At an AvalonBay Communities leasing office in early June, a package arrived for a resident who wasn't home. It was ticking.
Office staff called the local police, who showed up with a bomb squad, X-rayed the package, and opened it carefully. Inside was a clock, which the absent tenant bought from a mail-order catalog. The well-intentioned sender had placed a fresh battery in it before shipping it.
"It was a good ending," says Laura Novak, senior director of risk management for AvalonBay Communities, the Alexandria, Va.-based owner of 40,000 apartment homes–mostly garden-style–in 140 locations. But if the suspicious ticking had turned out to belong to a bomb, it would have been in appropriate hands–those of the local police, she says.
Indeed, employees of AvalonBay Communities are quick to involve local authorities if they receive suspicious packages, observe suspicious behavior, or find suspicious items around their communities or even inside tenants' apartments. And they know exactly what "suspicious" means, thanks to training–mostly via memos from Novak's office–that has made them hyper-aware of the possibility that terrorists will either target an apartment building or move into one and plan their attack as their neighbors fix dinner or drift off to sleep.
The FBI has warned that apartment buildings, especially urban high-rises and landmarks, could be terrorist targets. The U.S. Department of Homeland Security has asked landlords to notify it when tenants display behaviors associated with terrorism.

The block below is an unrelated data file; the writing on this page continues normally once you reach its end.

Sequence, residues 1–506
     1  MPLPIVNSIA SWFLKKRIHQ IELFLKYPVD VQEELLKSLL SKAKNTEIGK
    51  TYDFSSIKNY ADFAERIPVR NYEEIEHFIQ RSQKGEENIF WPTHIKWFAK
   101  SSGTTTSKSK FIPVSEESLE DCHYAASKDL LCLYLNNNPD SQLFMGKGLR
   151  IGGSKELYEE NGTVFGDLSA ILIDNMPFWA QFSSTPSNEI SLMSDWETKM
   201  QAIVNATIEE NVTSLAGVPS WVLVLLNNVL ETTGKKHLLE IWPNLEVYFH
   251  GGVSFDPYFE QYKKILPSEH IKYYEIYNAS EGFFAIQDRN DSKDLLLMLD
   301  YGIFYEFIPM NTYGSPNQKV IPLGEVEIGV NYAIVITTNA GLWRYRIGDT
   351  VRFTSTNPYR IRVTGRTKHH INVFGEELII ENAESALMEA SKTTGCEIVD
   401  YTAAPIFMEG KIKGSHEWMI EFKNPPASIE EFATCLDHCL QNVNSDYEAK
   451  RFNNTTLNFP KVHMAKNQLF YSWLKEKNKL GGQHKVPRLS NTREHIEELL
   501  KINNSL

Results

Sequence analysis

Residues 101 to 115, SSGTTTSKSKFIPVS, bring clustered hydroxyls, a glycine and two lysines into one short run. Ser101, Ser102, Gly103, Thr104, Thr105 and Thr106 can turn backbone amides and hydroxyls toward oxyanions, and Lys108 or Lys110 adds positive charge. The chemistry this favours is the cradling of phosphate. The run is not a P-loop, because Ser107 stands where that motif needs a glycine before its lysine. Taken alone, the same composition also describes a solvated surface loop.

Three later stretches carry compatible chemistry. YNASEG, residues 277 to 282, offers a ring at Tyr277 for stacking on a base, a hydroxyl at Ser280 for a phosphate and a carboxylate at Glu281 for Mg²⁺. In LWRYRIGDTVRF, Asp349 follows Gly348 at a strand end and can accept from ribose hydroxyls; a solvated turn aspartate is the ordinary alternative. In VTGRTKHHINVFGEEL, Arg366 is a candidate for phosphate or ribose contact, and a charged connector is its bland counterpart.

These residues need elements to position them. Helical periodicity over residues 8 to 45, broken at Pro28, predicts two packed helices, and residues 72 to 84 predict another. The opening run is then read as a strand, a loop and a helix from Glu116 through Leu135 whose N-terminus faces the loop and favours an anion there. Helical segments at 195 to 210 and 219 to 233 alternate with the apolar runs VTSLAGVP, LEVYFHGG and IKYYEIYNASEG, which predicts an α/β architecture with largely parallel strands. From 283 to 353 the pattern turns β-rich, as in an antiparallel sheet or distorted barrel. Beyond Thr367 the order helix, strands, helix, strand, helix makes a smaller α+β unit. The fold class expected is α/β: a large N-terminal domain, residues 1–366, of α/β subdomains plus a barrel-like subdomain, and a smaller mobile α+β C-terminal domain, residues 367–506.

The U.S. Department of Justice drove both points home at around the same time AvalonBay had its ticking-package scare, when it released hair-raising details about an alleged al Qaeda plot involving suspect Jose Padilla to blow up multiple high-rises. Padilla and an accomplice, according to U.S. Deputy Attorney General James Comey, planned to rent apartments in buildings with natural gas heat, "seal those apartments, turn on the gas and set timers to detonate and destroy the buildings simultaneously at a later time." The original plan was to blow up 20 buildings at once, possibly in Washington, D.C., New York, Chicago, Florida, Texas, or California.
In response, managers and owners of apartment buildings and communities have enlisted maintenance crews, office staff, the local police, and even tenants as the "eyes and ears," says Roger Platt, senior vice president of the Washington, D.C.-based Real Estate Roundtable, "but they have to do it in a way that complies with laws."